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“We leaned on what we thought were some of the best storytellers, not just best academics,” Booi says, “people who can not only download the information but do it in a way that was comprehensible but also entertaining, because for so many of our viewers, a lot of these ideas and these concepts and even names are going to be very foreign. To have people like we had to unpack this for us was really incredible.”
By Gene Ching
By Gene Ching
For any period project, historical accuracy is key. Authenticity was paramount for the production. Booi’s team sourced armor and weaponry from some leading companies that make them for other Japanese historical activities. “Some we had to make,” Booi admits. “Obviously, authenticity is really difficult when you’re dealing with such intricate designs and such incredible craftsmanship.” The filmmakers made sure objects like the family crests were accurate and were careful not to have them pop up in the wrong places. “It was incredibly challenging to try and portray any of it accurately.”
Another critical detail was to shoot all the reenactments in Japanese. Age of Samurai: Battle for Japan is produced by the Toronto-based production company Cream so Japanese dialogue presented a unique challenge, both during production and for editing. “It was an essential obstacle. We all felt that trying to tell this story, if we did not have Japanese-speaking actors representing these people, there would be no credibility. There would be no authenticity.” The Cream team felt that the whole thing would fall apart the minute one of the Samurai spoke in English. Japanese dialogue is translated with subtitles, including for the featured Japanese-speaking experts. However, the subtitling never gets obtrusive because the bulk of the story is in English. “We just felt that was non-negotiable, that it had to be there. And it was something that Netflix really backed us on too.”
A Blood-soaked History Lesson
Booi has made other military history documentaries. Among them are award-winning and Emmy-nominated productions such as Breathing Fire: The Secret Weapon of the Somme (Channel 4), The Weapon Hunter (Smithsonian Channel), and Blood and Fury: America’s Civil War (AHC). War stories are his specialty.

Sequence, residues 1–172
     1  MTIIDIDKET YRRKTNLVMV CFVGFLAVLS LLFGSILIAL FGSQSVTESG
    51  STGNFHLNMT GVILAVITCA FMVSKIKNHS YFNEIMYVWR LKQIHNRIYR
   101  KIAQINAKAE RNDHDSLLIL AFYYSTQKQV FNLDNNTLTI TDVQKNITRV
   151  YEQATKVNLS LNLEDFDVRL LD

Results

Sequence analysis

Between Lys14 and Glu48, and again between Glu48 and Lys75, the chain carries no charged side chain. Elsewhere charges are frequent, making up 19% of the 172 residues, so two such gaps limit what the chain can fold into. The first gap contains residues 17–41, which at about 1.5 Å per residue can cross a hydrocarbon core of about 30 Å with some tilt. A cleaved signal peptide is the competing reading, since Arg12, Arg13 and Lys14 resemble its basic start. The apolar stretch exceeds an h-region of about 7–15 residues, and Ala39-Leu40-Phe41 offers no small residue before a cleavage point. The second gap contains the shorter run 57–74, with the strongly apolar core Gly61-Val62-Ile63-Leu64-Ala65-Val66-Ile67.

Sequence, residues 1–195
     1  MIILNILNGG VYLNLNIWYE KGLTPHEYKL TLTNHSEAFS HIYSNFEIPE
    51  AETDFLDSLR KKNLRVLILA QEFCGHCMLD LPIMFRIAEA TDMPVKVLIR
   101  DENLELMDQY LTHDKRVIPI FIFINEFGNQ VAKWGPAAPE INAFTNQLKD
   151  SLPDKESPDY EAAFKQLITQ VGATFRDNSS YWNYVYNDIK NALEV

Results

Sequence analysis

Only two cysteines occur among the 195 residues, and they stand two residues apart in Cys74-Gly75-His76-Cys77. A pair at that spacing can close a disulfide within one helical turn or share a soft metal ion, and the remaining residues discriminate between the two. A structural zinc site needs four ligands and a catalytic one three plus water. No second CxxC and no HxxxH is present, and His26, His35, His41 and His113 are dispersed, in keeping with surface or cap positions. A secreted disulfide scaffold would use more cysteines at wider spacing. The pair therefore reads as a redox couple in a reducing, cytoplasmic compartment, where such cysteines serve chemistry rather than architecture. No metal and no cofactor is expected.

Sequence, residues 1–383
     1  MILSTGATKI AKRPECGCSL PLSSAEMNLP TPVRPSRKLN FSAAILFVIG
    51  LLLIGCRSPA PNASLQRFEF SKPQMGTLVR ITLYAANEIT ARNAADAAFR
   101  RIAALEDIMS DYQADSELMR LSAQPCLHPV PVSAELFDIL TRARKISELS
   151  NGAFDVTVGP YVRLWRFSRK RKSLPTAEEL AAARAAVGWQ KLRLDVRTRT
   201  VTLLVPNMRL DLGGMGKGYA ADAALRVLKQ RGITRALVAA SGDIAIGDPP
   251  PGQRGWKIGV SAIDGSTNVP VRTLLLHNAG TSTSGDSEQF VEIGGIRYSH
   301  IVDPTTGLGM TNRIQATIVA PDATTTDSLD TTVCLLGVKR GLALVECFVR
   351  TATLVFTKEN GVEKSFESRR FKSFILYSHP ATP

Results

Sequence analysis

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“There’s so many things that draw me to the genre. There’s the sweeping sort of historical stuff, but also as somebody who is really interested in stories, I think you can get some of the most gripping and entertaining stuff when people are forced with sort of life-and-death decisions like that.” Booi feels that telling the big picture stuff through personal stories is particularly compelling, which is why he focused his lens upon Nobunaga, Ieyasu, and Hideyoshi. As Booi says, “Looking at what happens with those three guys, you get an incredible window into how the period ends ultimately and how the next period begins.”
Nobunaga alone is a fascinating figure. He has been portrayed repeatedly in movies, books, manga, anime, and even video games, usually as the villain, but not always. Kurosawa’s award-winning film Kagamusha depicted Nobunaga as a strong and respectful leader. Booi can’t categorize him as a villain or a hero. “It’s hard not to stand back and be sort of knocked out by his ambition, his genius. But on the other hand, it’s tough not to be revolted by his violence and cruelty. He would do anything for power.”
“It’s not by accident that one of our contributors constantly refers to him as sort of an Alexander the Great of Japan in that he was just so innovative. He was raised with so much tradition, but he wasn’t bound by it. That’s what’s so fascinating about him. He’s constantly doing the unexpected.”
In many ways, Age of Samurai: Battle for Japan is an exploration of how power corrupts. “It’s really interesting to watch what happened to Nobunaga and how the decisions that he makes later on in the show come back to haunt him.”
Without dropping any spoilers (although anyone can just look up the Sengoku period online to find out what happens), Age of Samurai: Battle for Japan examines the consequences of what power does to a person and how it can cause devastating blind spots. It’s a time-honored tale, still so relevant for our time.
“There’s always an appetite for some stories about the Samurai,” Booi says. “It was such a lovely period because it’s such a violent world, but it’s also a world that is so bound by honor and duty.” Booi enjoyed exploring both sides of the same coin. “It’s just such a remarkable world.”
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For Booi, the Game of Thrones reference is an easy comparison to make. “But I think that’s where it ends. There’s lots more than the fantasy element of that.” Being reality based, Age of Samurai: Battle for Japan doesn’t include sorcery or White Walkers. “We have a one-eyed dragon,” Booi teases with a grin. But to learn who that was, you’ll just have to watch it.
Age of Samurai: Battle for Japan is a six-part series that premieres on Netflix on February 24, 2021.